My working definition of a thrifty DIY project is one you can complete yourself for less money than if you bought it at the store or paid someone else to do it. Of course, you need to factor in your time, skill level, supply cost, willingness to learn, and tolerance for frustrating and bewildering outcomes. It's okay to buy it or pay someone else if your sanity is on the line! But, if you have the time and inclination, you can save a fair amount of money... especially if you are willing to let go of the idea of perfection and are ready to learn as you go along.
With a baby on the way, I decided my time and my mediocre sewing skills were enough to embark on some DIY baby projects. I calculated the cost before I began to make sure I was saving enough money to make it worth my while (and my sanity!). I used tutorials I found on Pinterest to guide me on my quest to DIY Baby Gear. Rather than go through the steps of each project in this post, I have linked to the original tutorials I used for further directions. Here are three things I've made so far:
1. Cloth Wipes
Since we are cloth diapering (or going to attempt it!), it only makes since to use cloth wipes. You can mix up a homemade wipe solution or just use water to clean baby's tush, and the wipes just go in the diaper pail and laundry with the diapers. I used this tutorial on Homemade Ginger to get me started.
I spent about $3 to make my stash of cloth wipes from flannel. Simply cut two layers of flannel to the size you want and stitch around the edges. And when you start to worry that your stitches aren't perfect, remember that the sole purpose of this cloth is to wipe poo. Perfection not required!
|Cut two layers of flannel to the size you want and stitch them together.|
2. Diaper Inserts
I tend to research things to death before I decide to do something, and cloth diapering was no exception. There are TONS of resources about cloth diapering online--YouTube videos, blogs, and informational sites from cloth diapering companies and distributors. It can be very overwhelming, especially when you haven't learned the lingo. (There are lots of good places to start, but here is one helpful website called Cloth Diaper Revival if you are interested in learning more about the "new" world of cloth diapering.)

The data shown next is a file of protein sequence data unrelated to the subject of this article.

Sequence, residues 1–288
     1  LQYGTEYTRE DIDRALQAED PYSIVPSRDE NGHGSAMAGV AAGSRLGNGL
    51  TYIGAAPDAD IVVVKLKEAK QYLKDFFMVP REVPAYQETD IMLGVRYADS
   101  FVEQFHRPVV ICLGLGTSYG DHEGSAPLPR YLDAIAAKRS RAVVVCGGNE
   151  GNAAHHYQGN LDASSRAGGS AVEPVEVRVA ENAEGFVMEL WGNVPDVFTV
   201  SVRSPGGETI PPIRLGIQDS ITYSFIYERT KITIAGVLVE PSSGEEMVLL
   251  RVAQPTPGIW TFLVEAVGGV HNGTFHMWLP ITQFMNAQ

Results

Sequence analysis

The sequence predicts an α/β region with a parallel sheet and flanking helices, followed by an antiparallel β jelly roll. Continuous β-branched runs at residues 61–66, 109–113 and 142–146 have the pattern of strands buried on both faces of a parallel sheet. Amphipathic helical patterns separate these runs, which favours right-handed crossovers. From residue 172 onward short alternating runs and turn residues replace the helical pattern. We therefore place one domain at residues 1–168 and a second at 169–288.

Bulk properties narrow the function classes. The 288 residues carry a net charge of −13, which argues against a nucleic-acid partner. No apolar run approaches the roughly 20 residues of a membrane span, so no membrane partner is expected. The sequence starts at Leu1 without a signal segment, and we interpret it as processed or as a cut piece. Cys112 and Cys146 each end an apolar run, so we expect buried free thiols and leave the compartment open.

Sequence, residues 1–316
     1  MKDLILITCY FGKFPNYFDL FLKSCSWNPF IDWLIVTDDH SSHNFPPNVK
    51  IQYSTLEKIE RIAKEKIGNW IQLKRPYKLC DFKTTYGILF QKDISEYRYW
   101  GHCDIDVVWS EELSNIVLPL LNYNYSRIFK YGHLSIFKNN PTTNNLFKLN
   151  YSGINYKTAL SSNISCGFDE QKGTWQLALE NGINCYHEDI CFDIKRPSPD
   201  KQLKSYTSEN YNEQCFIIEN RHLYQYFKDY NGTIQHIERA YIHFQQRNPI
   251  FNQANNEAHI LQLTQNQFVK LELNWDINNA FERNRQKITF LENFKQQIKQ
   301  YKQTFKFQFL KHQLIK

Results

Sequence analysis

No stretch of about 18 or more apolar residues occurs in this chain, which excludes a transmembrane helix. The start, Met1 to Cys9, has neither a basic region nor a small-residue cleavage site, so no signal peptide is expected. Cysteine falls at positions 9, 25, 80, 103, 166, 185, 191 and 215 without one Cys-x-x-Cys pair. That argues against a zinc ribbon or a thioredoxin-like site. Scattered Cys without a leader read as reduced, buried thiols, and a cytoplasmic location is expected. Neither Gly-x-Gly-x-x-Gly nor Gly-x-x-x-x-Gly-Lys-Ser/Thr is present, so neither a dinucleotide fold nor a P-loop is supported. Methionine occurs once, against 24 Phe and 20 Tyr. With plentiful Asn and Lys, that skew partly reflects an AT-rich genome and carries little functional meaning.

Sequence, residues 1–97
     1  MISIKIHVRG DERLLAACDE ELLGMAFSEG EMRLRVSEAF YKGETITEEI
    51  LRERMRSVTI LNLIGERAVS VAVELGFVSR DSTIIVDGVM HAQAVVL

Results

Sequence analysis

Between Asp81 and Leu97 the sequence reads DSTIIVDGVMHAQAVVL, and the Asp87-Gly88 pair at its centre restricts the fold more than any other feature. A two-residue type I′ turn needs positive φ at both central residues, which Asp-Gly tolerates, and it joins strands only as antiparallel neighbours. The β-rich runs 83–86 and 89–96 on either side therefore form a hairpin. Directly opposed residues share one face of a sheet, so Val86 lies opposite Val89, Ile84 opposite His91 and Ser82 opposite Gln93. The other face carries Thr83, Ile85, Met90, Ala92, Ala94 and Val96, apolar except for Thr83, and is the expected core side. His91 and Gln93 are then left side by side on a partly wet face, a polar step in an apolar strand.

I've purchased several different styles of diapers and will wait to buy more until hubby and I decide what kind works best for us. But one thing I've read over and over again, regardless of diaper brand, is that is helpful to have extra diaper "inserts" to help boost absorbency. I bought a package of 3 microfiber inserts for about $11 to see what they were exactly, but then I found a tutorial on Journey of Grace on how to make my own.
I used an old fleece blanket we had that was starting to show wear in places, and I had a small stash of unused microfiber cloths leftover from when I bought some in bulk for household cleaning. So, these homemade microfiber diaper inserts didn't cost me a (new) dime! Sure, they aren't white like regular diaper inserts, but again, they are going to be covered in poo, so not a problem.
|Top- my three DIY inserts next to the store-bought insert; Bottom Left- the piece of fleece and the microfiber before cutting; Bottom Right- a finished insert, stitched around the edges.|
I nursed my two older children, and I plan to nurse this baby as well. I remember trying to toss a receiving blanket over my hungry kiddos for a little privacy, but as they got more coordinated, both kids would throw that blanket off in a hurry. Now that I'm older, I am not nearly as modest and will probably whip it out in public and polite company without batting an eye. But in the interest of sparing my older children embarrassment and lifelong humiliation, I thought I better have a few resources to "cover up" when feeding the baby.
I purchased some knit fabric with a coupon, so it cost me about $3. I followed the tutorial on Diary of a Mad Crafter for making an infinity nursing scarf; however, my scarf is really short when wrapped around my neck twice. I don't like having things so tight around my neck, so I wish it was longer. A few of the people posting comments had the same problem--the scarf isn't as long as it shows in the blogger's pictures, and I'm not sure why. The resulting scarf is 30 inches, so when it's doubled, it would only be 15 inches, which is why it hugs the neck. In any case, it gives me the basic idea of how to make infinity scarfs that double as nursing covers, and being a knit fabric, there is very little sewing involved. Hurray!
|Left- My length of knit fabric before folding and sewing; Top Right- Sewing the ends together; Bottom Right- Wearing the scarf double wrapped... it's a bit snug.|
|The finished product draped just once around my neck, and then held out to show room for baby (and currently covering preggo belly).|